`Good morning, Mr Markham,' said she; and without another word or glance, she withdrew with her child into the garden; and I returned home, angry and dissatisfied--I could scarcely tell you why--and therefore will not attempt it.
I only stayed to put away my gun and powder-horn, and give some requisite directions to one of the farming-men, and then repaired to the vicarage, to solace my spirit and soothe my ruffled temper with the company and conversation of Eliza Millward.
I found her, as usual, busy with some piece of soft embroidery (the mania for Berlin wools had not yet commenced), while her sister was seated at the chimney-corner, with the cat on her knee, mending a heap of stockings.
`Mary--Mary! put them away!' Eliza was hastily saying, just as I entered the room.
`Not I, indeed!' was the phlegmatic reply; and my appearance prevented further discussion.
`You're so unfortunate, Mr Markham!' observed the younger sister, with one of her arch, sidelong glances. `Papa's just gone out into the parish, and not likely to be back for an hour!'
`Never mind; I can manage to spend a few minutes with his daughters, if they'll allow me,' said I, bringing a chair to the fire, and seating myself therein, without waiting to be asked.
`Well, if you'll be very good and amusing, we shan't object.'
`Let your permission be unconditional, pray; for I came not to give pleasure, but to seek it,' I answered.
However, I thought it but reasonable to make some slight exertion to render my company agreeable; and what little effort I made was apparently pretty successful, for Miss Eliza was never in a better humour. We seemed, indeed, to be mutually pleased with each other, and managed to maintain between us a cheerful and animated, though not very profound conversation. It was little better than a tête-à-tête, for Miss Millward never opened her lips, except occasionally to correct some random assertion or exaggerated expression of her sister's, and once to ask her to pick up the ball of cotton, that had rolled under the table. I did this myself, however, as in duty bound.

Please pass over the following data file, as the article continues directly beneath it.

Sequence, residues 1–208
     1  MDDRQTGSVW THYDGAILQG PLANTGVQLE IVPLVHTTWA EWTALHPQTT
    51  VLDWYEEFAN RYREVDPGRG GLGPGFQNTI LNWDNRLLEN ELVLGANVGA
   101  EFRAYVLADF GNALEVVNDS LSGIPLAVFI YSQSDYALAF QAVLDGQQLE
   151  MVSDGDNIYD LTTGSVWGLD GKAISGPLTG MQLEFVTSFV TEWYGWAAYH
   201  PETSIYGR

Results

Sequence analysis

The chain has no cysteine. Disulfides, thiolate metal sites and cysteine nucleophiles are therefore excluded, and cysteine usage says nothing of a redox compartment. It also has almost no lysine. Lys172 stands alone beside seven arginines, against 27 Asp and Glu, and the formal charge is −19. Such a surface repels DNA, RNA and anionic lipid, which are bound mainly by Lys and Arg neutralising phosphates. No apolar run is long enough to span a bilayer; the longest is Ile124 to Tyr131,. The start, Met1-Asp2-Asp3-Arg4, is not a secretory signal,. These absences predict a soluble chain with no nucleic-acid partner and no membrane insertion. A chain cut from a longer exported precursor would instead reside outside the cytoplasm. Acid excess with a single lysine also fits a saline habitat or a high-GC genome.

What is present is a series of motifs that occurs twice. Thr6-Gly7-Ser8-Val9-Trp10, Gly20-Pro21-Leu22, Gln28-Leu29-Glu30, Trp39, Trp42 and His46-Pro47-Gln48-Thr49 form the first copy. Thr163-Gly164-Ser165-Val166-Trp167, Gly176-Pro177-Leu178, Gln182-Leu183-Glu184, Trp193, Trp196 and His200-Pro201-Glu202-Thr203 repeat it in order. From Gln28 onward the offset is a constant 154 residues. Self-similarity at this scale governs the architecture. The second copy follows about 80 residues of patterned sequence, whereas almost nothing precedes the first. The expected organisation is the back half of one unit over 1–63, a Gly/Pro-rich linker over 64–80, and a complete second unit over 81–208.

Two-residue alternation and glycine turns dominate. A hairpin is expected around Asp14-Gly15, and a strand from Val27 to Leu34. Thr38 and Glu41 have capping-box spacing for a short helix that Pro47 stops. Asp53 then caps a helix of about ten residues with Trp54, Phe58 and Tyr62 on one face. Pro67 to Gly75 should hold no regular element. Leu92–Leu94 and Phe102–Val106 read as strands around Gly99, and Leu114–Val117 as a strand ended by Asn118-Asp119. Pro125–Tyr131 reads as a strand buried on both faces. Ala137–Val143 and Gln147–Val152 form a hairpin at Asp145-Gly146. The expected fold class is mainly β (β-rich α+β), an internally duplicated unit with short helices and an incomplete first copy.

`Thank you, Mr Markham,' said she, as I presented it to her. `I would have picked it up myself; only I did not want to disturb the cat.'
`Mary, dear, that won't excuse you in Mr Markham's eyes,' said Eliza; `he hates cats, I dare say, as cordially as he does old maids--like all other gentlemen--Don't you, Mr Markham?'
`I believe it is natural for our unamiable sex to dislike the creatures,' replied I; `for you ladies lavish so many caresses upon them'
`Bless them--little darlings!' cried she, in a sudden burst of enthusiasm, turning round and overwhelming her sister's pet with a shower of kisses.
`Don't, Eliza!' said Miss Millward, somewhat gruffly as she impatiently pushed her away.
But it was time for me to be going: make what haste I would, I should still be too late for tea; and my mother was the soul of order and punctuality.
My fair friend was evidently unwilling to bid me adieu. I tenderly squeezed her little hand at parting; and she repaid me with one of her softest smiles and most bewitching glances. I went home very happy, with a heart brimful of complacency for myself, and overflowing with love for Eliza.
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